As first reported yesterday by Neil Best at Watchdog, Steve Phillips is joining ESPN's Sunday Night Baseball broadcast team. For all 19 years it has been on the air, only two men have been in that booth: Jon Miller and, as he's always introduced by Miller, "Hall of Famer Joe Morgan."
And now, change has come to America.
Now I normally couldn't care less who's broadcasting a game. Unless it's someone truly outstanding like Bob Costas, or someone annoying like Tony Siragusa, I only care about who's playing, not who's talking about who's playing. (Side note: I feel like Siragusa should have one of those small electrical shock things attached to his fingers like Bill Murray gave to the volunteers in Ghostbusters. And every time Siragusa veers off topic or into an annoying caricature of himself, he gets a small jolt to get him back in line. Which reminds me of one of the best scenes in that movie: The patient gets angry at being shocked all the time and Murray says "We're paying you aren't we?" And the kid goes, "You can keep the five bucks!" and storms out while Murray says "I will, Mister." Love it.)
But I think this hiring deserves comment.
In fact (/putting on helmet), let me just say (/adding chest protector)
I like Steve Phillips (/ducks bottle)
There, I said it.
Phillips may not have been the world's best GM -- aren't the Mets still paying Mo Vaughn and Roger Cedeno? -- but as a broadcaster I find his insights interesting and from a different perspective than the traditional pairing of journalist and former player. But he could be as annoying as Siragusa and as unengaged in the game as Dick Vitale and still be an improvement for this simple reason: Every time he's talking, Jon Miller and Joe Morgan are not.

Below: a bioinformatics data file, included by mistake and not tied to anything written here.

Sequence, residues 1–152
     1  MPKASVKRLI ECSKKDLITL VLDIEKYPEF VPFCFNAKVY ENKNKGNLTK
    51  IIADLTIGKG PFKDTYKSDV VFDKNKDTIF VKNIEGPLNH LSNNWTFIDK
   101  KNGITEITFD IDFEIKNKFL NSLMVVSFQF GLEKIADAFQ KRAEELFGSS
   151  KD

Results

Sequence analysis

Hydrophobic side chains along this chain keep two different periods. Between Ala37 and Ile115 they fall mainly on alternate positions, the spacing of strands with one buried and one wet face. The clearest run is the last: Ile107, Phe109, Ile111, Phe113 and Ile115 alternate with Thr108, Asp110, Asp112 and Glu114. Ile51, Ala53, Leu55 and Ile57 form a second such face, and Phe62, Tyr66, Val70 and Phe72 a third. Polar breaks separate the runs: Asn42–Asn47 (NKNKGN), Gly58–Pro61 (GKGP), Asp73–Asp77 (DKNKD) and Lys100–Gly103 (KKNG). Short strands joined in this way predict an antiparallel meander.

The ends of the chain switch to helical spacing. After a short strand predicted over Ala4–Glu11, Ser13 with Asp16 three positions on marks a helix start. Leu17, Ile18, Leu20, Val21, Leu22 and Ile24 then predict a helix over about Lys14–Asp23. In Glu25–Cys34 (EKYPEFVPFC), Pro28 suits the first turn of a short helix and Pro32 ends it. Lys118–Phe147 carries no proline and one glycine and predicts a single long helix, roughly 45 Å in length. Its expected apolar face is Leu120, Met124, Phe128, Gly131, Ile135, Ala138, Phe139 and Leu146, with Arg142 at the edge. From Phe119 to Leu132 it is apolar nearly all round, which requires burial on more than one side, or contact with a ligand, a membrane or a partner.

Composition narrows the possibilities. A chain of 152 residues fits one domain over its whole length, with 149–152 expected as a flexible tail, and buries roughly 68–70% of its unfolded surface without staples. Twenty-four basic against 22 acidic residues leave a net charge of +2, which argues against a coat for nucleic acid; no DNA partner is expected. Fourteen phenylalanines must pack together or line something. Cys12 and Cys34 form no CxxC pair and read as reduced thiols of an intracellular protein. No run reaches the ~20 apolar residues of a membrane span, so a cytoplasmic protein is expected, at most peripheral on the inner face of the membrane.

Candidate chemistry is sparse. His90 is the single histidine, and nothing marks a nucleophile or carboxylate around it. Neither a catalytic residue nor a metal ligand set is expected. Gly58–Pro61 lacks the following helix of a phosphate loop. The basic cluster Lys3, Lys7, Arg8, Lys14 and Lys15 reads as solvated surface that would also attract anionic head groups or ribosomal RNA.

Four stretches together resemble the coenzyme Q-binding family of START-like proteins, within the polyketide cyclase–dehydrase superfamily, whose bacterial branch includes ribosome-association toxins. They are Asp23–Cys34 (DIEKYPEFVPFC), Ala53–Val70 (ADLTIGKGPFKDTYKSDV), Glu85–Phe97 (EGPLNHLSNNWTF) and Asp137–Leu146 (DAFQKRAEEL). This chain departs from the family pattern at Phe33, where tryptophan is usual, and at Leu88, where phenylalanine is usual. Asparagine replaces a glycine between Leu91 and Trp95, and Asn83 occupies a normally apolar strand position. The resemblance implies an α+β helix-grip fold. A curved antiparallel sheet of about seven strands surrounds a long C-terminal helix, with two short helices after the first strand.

Now, Jon Miller: Clearly, he's an outstanding broadcaster. But we all have those guys who just bug us, who we just don't like listening to. Jon Miller, for me, has always been that guy. I'm not even sure I could explain it, that's just the way it goes.
As for Morgan, enough has been said on web sites over the years about his mediocre-at-best commentary, so I don't need to pile on here. All I'll say that if Phillips can limit Morgan's references to his own playing days and, especially, to how no team can compare to the Big Red Machine, than this move will be entirely justified for that reason alone.